Supplemental benefits have a critical impact on Social Determinants of Health (SDOH). These offerings have gained popularity through Medicare Advantage (MA) programs, but their application is not limited to that environment.
At Toppan Merrill, we are exploring these trends in a three-part blog series that explains how SDOH impact supplemental benefits. In our first article, we provide an overview of Supplemental Benefits and Social Determinants of Health. In this article, we look at the impact of those supplemental benefits on SDOH.
Understanding the role of Supplemental Benefits
The Commonwealth Fund has been ranking the healthcare systems of the world’s 11 high-income countries: Australia, Canada, France, Germany, the Netherlands, New Zealand, Norway, Sweden, Switzerland, the United Kingdom, and the United States.
The United States ranks last in every category except “care process,” despite the fact that the country spends a higher percentage of its gross domestic product on healthcare than any other entry on the list — almost 17%, which is twice what other countries on the list spend. The Commonwealth Fund has ranked the U.S. last in the 2021, 2017, 2014, 2010, 2007, 2006, and 2004 editions of its report. Specifically, the U.S. ranks last when it comes to access to care, administrative efficiency, equity, and health care outcomes. The Commonwealth Fund identified four key areas that separate the U.S. from the top-performing countries on the list:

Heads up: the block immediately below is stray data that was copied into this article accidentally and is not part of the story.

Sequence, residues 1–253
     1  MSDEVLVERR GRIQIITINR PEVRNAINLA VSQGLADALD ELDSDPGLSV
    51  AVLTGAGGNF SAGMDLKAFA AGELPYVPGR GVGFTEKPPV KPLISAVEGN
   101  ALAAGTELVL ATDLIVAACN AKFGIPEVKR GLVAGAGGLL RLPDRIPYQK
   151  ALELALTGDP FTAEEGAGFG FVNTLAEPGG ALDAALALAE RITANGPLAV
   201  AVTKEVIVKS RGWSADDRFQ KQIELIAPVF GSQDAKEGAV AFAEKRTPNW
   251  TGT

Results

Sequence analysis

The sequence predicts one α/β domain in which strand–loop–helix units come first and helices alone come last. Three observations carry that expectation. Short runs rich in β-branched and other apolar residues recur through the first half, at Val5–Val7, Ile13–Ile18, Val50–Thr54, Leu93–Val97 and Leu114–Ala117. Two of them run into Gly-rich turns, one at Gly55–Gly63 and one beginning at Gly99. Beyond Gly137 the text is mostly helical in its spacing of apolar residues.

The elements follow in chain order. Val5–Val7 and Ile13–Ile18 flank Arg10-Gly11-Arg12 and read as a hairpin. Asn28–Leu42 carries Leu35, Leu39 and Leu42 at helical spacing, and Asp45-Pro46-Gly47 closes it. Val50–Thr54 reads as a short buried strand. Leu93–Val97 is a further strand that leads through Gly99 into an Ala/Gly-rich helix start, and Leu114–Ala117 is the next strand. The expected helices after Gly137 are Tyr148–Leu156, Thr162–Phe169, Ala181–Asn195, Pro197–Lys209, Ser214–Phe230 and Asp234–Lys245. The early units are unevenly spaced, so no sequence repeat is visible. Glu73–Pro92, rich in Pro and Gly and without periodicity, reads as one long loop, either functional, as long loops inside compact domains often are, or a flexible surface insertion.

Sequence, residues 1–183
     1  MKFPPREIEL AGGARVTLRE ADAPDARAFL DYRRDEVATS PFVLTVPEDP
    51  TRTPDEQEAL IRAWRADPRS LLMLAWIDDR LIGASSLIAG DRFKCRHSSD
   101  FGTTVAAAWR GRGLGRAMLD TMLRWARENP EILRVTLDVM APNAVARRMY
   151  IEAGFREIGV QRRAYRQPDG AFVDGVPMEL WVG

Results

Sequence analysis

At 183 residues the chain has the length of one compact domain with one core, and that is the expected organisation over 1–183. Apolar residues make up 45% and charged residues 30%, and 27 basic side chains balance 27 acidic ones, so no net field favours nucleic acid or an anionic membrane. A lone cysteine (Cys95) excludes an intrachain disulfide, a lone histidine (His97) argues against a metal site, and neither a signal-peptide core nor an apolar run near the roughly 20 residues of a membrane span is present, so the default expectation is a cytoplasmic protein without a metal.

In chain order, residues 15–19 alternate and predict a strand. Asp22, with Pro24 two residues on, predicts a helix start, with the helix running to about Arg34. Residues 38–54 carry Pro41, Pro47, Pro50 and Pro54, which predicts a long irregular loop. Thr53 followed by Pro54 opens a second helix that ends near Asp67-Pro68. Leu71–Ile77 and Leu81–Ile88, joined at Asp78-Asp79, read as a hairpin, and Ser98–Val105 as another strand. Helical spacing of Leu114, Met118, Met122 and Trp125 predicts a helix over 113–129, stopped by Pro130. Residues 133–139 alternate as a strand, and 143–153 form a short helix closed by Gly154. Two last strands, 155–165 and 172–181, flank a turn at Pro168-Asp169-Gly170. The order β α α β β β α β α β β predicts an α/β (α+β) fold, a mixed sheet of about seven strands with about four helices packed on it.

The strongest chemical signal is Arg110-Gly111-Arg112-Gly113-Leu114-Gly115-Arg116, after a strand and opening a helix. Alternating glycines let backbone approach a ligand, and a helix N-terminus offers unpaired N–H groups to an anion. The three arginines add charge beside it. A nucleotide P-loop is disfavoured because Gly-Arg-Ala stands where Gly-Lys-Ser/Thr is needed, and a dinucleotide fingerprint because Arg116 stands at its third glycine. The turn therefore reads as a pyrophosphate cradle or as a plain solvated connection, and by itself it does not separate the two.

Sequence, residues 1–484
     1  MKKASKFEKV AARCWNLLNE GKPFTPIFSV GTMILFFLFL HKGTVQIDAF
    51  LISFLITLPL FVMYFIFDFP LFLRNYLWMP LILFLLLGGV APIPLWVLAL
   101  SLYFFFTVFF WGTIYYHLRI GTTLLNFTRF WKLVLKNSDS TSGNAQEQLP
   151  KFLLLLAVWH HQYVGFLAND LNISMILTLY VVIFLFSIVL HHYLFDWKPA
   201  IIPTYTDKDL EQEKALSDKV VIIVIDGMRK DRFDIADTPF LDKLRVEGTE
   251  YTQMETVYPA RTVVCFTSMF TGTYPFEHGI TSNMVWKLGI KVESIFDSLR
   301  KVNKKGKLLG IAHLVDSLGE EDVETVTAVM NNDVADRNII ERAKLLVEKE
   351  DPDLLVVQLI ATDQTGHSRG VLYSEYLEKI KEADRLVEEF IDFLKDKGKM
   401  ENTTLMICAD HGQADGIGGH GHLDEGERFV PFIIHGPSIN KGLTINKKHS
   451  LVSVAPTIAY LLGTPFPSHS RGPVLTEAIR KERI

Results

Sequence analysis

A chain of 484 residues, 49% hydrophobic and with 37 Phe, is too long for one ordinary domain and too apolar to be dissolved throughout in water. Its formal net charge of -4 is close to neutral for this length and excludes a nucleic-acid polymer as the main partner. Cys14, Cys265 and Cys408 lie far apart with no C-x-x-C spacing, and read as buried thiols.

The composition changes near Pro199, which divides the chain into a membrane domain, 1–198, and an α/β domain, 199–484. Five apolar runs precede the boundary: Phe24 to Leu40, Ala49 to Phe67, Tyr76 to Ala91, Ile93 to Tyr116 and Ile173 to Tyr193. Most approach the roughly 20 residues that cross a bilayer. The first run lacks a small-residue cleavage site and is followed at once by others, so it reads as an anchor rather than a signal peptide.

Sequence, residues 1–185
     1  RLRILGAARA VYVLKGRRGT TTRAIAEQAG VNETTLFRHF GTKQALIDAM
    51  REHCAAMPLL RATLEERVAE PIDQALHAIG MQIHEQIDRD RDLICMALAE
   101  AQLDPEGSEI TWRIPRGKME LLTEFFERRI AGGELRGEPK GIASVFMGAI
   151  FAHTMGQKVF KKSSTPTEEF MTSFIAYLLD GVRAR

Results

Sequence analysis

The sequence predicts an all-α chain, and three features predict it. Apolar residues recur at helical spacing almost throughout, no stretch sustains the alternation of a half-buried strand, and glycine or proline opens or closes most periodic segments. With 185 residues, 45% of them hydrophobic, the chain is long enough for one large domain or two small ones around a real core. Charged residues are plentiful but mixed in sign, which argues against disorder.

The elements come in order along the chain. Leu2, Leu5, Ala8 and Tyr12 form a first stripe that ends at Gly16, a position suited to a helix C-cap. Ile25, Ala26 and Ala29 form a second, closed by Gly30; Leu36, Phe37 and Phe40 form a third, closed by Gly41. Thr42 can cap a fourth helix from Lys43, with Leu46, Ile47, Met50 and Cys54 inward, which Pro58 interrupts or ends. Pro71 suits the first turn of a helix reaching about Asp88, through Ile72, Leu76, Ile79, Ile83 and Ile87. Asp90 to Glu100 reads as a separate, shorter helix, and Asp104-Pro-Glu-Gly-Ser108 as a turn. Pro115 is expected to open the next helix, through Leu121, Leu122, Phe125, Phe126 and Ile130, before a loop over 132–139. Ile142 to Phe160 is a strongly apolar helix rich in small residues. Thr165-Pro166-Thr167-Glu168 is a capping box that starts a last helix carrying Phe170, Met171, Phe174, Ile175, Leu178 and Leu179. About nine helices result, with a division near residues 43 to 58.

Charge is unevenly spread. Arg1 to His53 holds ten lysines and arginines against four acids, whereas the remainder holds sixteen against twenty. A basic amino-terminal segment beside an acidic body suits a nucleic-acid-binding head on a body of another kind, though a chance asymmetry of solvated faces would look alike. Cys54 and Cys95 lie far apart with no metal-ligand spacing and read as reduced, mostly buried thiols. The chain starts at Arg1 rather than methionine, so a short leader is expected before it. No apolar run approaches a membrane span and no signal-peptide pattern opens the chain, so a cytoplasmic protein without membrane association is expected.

- Universal coverage and reduced cost barriers
- Primary care systems that provide high-value healthcare to everyone
- Reduced administrative burdens
- Investment in social services for citizens of all ages
The Commonwealth Fund includes childcare, community safety, education, housing, mental health, nutrition, and transportation benefits in the social services category. It also notes that the people in the U.S. are sicker on average than citizens of other countries on its list.
The CHRONIC Care Act and the evolution of Supplemental Benefits
Starting in 2019, MA plans gained the ability to offer programs which meet their enrollees’ needs outside of direct health care benefits. Traditionally, these non-medical services were not considered part of medical services and therefore were not offered as part of MA plans. However, that mindset has been shifting as more research shows that meeting social needs, like transportation or nutrition, has a measurable positive impact on health outcomes. Moreover, this improvement in health can lead to lower costs for plan administrators.
In 2019, the Commonwealth Fund looked at Medicare Advantage. It found that roughly 37% of MA plan enrollees had high needs (defined as requiring medical and social support). Examples include poor health, limited education, and lack of finances. The Commonwealth Fund concluded that analysis by saying: “Federal policymakers should consider allowing Medicare Advantage plans to identify high-need beneficiaries based on their medical and social risk factors, rather than just medical diagnoses. Doing so would enable plans to deliver better-targeted services that meet their members’ needs and facilitate implementation of the CHRONIC Care Act provision that allows plans to offer non-health supplemental benefits.”